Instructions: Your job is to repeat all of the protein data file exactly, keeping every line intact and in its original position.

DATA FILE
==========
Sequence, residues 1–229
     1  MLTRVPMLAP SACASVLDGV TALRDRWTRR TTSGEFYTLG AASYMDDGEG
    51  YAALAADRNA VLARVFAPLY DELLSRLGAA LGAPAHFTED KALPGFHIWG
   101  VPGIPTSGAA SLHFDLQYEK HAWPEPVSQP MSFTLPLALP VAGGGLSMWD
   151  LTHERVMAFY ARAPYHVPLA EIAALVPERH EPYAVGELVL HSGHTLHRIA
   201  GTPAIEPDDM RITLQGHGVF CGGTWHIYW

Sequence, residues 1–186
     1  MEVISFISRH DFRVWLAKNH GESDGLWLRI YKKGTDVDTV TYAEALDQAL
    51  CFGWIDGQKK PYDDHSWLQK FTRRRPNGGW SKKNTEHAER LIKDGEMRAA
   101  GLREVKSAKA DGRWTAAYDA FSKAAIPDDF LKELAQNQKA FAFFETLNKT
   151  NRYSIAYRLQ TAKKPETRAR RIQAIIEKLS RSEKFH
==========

Sequence, residues 1–229
     1  MLTRVPMLAP SACASVLDGV TALRDRWTRR TTSGEFYTLG AASYMDDGEG
    51  YAALAADRNA VLARVFAPLY DELLSRLGAA LGAPAHFTED KALPGFHIWG
   101  VPGIPTSGAA SLHFDLQYEK HAWPEPVSQP MSFTLPLALP VAGGGLSMWD
   151  LTHERVMAFY ARAPYHVPLA EIAALVPERH EPYAVGELVL HSGHTLHRIA
   201  GTPAIEPDDM RITLQGHGVF CGGTWHIYW

Sequence, residues 1–186
     1  MEVISFISRH DFRVWLAKNH GESDGLWLRI YKKGTDVDTV TYAEALDQAL
    51  CFGWIDGQKK PYDDHSWLQK FTRRRPNGGW SKKNTEHAER LIKDGEMRAA
   101  GLREVKSAKA DGRWTAAYDA FSKAAIPDDF LKELAQNQKA FAFFETLNKT
   151  NRYSIAYRLQ TAKKPETRAR RIQAIIEKLS RSEKFH